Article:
December 2022
Volume 22, Issue 14
Open Access
Vision Sciences Society Annual Meeting Abstract  |   December 2022
Perceived retinal speed increases during congruent head rotation
Author Affiliations & Notes
  • David Alais
    The University of Sydney, Australia
  • Lauren Lai
    Department of Psychology, Tufts University
  • Robert Keys
    Center for Neural Science, New York University
  • Sujin Kim
    Department of Computer Sciences, University of Wisconsin-Madison, Madison, WI
  • Footnotes
    Acknowledgements  Australian Research Council project DP190101537
Journal of Vision December 2022, Vol.22, 4439. doi:
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      David Alais, Lauren Lai, Robert Keys, Sujin Kim; Perceived retinal speed increases during congruent head rotation. Journal of Vision 2022;22(14):4439.

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      © ARVO (1962-2015); The Authors (2016-present)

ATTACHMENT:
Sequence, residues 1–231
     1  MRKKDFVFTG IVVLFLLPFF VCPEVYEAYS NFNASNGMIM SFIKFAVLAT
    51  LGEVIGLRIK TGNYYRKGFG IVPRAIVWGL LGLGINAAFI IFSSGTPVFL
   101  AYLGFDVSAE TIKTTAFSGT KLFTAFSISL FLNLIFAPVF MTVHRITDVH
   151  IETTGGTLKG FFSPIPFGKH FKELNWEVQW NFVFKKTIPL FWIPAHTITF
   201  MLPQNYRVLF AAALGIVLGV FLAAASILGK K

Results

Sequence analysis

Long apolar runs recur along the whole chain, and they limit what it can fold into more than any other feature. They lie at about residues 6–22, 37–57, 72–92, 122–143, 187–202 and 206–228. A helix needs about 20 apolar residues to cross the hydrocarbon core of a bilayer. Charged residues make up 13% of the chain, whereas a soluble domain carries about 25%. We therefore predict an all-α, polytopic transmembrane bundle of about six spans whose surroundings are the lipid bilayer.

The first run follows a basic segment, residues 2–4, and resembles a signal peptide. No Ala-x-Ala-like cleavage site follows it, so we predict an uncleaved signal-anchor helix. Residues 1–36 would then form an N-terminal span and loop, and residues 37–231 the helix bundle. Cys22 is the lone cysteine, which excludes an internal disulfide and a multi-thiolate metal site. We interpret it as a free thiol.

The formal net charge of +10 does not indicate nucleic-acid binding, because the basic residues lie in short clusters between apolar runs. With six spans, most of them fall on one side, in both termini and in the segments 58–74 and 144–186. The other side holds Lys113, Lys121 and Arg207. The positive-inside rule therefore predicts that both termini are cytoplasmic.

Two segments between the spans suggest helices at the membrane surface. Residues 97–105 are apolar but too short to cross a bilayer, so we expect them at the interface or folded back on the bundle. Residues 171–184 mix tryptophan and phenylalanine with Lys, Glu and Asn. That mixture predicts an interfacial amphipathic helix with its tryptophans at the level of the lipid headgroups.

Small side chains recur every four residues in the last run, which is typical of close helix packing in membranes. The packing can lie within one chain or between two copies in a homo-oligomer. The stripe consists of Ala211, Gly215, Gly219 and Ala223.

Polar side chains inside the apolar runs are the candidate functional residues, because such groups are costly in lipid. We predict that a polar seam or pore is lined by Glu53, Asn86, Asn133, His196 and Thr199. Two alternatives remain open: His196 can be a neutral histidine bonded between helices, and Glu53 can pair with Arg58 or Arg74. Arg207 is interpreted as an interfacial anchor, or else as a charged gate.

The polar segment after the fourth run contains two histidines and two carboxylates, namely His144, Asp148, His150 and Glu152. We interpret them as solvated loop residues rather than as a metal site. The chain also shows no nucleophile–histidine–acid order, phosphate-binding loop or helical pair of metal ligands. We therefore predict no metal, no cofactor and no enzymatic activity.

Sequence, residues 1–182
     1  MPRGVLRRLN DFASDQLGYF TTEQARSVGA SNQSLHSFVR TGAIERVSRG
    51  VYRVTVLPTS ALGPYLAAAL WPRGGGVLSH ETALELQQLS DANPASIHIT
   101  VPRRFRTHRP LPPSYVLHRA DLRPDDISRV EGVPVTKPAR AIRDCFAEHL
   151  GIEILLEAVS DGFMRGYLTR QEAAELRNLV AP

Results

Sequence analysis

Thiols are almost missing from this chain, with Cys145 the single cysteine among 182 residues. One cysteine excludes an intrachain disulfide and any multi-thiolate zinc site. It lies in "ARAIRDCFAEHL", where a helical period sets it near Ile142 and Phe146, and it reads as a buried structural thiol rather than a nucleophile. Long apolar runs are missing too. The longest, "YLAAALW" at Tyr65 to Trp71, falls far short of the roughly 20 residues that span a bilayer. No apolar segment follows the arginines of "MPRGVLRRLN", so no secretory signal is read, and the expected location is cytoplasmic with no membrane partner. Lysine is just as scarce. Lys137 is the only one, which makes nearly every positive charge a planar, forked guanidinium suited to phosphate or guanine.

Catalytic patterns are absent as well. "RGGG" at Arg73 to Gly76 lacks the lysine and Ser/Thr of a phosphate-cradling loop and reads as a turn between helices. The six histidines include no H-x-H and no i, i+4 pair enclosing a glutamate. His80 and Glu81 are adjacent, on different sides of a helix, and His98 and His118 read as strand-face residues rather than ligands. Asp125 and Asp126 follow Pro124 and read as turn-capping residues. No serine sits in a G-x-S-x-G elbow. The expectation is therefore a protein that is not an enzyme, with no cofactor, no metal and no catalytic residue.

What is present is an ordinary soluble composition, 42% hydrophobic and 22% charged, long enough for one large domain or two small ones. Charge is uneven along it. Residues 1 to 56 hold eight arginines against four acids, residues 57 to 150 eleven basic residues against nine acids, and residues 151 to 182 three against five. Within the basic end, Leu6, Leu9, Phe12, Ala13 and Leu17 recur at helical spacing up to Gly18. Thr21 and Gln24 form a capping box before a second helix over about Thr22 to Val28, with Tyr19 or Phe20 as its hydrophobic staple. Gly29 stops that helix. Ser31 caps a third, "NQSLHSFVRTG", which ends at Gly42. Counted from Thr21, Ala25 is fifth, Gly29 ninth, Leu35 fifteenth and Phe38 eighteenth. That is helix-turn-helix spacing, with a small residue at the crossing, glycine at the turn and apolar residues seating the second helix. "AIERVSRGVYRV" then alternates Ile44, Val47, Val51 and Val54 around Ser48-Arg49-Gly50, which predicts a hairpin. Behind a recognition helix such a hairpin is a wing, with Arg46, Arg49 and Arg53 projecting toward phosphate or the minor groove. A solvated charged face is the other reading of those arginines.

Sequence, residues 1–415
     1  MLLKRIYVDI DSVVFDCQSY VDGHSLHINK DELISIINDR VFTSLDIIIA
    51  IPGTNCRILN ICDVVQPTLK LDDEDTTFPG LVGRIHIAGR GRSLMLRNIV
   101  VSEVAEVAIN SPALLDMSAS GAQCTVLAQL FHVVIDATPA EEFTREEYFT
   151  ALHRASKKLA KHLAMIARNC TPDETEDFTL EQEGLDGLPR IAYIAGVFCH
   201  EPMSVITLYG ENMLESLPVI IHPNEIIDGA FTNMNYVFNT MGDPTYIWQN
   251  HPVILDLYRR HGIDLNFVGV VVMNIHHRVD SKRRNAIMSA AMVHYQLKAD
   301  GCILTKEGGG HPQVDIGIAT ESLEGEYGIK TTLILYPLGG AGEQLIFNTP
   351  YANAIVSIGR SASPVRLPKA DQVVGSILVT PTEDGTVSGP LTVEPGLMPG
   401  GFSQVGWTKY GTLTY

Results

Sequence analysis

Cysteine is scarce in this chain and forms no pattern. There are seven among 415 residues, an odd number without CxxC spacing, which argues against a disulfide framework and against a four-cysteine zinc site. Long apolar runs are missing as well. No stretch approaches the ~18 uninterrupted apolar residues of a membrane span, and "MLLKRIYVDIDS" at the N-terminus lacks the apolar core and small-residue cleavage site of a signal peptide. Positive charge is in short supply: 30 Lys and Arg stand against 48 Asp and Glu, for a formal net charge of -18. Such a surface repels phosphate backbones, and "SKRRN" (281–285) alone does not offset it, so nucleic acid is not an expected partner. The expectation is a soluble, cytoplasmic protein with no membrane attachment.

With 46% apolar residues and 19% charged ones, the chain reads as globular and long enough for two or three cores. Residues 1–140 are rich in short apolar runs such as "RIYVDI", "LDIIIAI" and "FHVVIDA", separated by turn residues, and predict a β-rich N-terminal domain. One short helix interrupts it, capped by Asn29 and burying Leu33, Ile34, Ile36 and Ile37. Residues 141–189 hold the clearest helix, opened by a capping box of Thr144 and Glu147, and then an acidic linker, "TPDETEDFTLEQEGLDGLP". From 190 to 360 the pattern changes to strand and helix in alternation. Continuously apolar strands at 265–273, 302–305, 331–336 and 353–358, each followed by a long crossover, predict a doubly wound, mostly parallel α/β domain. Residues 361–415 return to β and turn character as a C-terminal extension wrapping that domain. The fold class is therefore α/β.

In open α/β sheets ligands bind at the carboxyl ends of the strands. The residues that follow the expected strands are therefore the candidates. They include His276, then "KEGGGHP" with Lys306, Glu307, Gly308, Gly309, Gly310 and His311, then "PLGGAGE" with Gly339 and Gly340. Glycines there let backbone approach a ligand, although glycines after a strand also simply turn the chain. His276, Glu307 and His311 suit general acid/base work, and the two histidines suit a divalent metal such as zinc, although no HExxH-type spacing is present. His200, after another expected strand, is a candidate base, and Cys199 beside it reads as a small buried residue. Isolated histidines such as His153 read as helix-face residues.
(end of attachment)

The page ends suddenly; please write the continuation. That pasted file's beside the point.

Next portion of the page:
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We tested whether and how perceived retinal speed is modulated by head rotation. In three experiments, participants turned their heads while wearing a head-mounted display that presented a drifting visual stimulus moving in eye-centred coordinates. The task was to indicate the speed of the visual stimulus using a speed matching adjustment task. Several levels of retinal (from the stimulus) and extra-retinal (from the head turn) speed were paired and each pairing was tested in two configurations: congruent (both components moving in the same direction) or incongruent (components moved in opposite directions). Perceived retinal speed was also measured with the head stationary. We found that visual stimuli appeared to move faster when paired with a congruent head-turn and slower for incongruent head-turns, compared to the head stationary condition. The effect of head rotation on perceived speed increased with head-turn speed and was also tuned for relative direction, being strongest when the visual trajectory was aligned with the head turn and declining as the angle between them increased. This study demonstrates that visual speed perception is modulated by extra-retinal signals generated by head movements, adding to well-established findings showing that eye-movements modulate speed perception.


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